1966 Londond, England

The 1966 International Masters was staged in the grounds of world-famous Wembley Stadium, at Wembley Stadium Bowl. The location ignited tremendous media interest, with reporters checking in from countries as far apart as Hong Kong and Mexico. British Minister of Sport Dennis Howell lent his presence to the opening ceremonies, and U.S. pro Dick Weber opened the proceedings with one of his inimitable shot-making exhibitions.

Twenty-four nations were represented in 1996. Joe Velo, an elderly Australian with a wrong-foot delivery and a salty sense of humor, had just rolled the first-ever perfect game Down Under and was the darling of the press corps that year. But it was a 19-year-old American named John Wilcox, later elected to the American Bowling Congress's Hall of Fame, who stole the show in London. The Williamsport, Pa., native put 241 pins between himself and returnee Vittorio Noveletto going into the final two-game match. Though Noveletto defeated Wilcox in those final two games, 233-181 and 202-167, he still fell 54 pins short. Defending champion Lauri Ajanto finished 17th.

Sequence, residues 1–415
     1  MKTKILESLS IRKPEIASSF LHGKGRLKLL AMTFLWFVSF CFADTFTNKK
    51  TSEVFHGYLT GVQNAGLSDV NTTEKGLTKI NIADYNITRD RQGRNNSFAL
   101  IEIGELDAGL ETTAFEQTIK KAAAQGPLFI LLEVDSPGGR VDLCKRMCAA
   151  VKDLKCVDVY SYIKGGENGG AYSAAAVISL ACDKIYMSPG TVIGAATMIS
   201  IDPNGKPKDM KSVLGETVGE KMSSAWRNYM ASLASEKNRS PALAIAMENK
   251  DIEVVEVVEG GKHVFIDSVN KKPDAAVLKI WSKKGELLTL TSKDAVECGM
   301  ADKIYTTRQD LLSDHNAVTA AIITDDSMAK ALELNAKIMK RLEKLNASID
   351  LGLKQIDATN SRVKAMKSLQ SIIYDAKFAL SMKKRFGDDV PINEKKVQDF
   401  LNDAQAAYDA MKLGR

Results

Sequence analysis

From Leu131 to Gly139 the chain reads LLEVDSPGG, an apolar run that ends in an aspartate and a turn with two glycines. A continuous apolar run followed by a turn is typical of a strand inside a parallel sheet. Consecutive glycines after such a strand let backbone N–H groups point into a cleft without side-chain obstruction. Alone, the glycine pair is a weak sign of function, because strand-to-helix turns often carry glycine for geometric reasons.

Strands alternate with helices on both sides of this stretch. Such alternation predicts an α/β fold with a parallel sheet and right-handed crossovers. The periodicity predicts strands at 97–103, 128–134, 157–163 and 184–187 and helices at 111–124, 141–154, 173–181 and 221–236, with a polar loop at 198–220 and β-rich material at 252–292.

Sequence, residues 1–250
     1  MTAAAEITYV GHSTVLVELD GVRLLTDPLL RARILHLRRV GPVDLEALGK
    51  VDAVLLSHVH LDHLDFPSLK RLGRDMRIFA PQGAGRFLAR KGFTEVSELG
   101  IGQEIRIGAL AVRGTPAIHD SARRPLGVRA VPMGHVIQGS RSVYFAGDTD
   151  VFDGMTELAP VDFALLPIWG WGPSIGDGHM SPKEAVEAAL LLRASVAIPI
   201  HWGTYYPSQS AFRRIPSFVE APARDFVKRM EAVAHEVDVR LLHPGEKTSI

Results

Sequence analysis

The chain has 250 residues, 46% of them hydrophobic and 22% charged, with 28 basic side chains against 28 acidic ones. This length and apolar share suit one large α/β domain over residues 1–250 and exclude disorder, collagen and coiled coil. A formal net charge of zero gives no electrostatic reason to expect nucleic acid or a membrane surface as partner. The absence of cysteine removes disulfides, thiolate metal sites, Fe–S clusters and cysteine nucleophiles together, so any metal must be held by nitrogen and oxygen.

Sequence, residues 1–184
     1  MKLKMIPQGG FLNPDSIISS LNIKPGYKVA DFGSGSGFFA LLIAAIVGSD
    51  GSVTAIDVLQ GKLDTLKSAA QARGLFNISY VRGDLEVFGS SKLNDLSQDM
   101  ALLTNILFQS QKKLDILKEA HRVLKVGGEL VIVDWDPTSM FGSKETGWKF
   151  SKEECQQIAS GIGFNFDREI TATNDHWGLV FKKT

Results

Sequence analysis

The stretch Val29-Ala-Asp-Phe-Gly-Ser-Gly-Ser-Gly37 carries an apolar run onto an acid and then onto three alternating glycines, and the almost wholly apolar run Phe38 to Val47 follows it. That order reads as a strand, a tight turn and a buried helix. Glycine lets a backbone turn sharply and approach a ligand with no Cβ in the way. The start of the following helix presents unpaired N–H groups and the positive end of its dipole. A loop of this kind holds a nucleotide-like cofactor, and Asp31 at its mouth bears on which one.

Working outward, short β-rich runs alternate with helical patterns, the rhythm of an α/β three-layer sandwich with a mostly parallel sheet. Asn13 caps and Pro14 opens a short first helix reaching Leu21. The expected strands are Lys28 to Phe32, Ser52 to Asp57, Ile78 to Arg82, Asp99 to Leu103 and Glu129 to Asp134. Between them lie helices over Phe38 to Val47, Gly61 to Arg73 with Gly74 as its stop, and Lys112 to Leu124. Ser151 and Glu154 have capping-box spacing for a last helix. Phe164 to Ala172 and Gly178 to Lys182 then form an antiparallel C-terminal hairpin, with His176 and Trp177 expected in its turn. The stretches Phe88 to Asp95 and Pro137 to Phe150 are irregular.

As a fitting final touch, the late Bobby Moore, captain of the English football team that won the FIFA World Cup in 1966, presented the Bowling World


Since the first event in 1965, winning AMF’s Bowling World Cup title has been the most coveted goal in amateur bowling. Whether held in the shadows of the Great Pyramids in or under the bright lights of , each tournament has provided unforgettable moments from competition that has spanned five decades.

Browse the archives to discover or revisit these moments, competitors, and the great champions that have made up the rich history of AMF’s Bowling World Cup.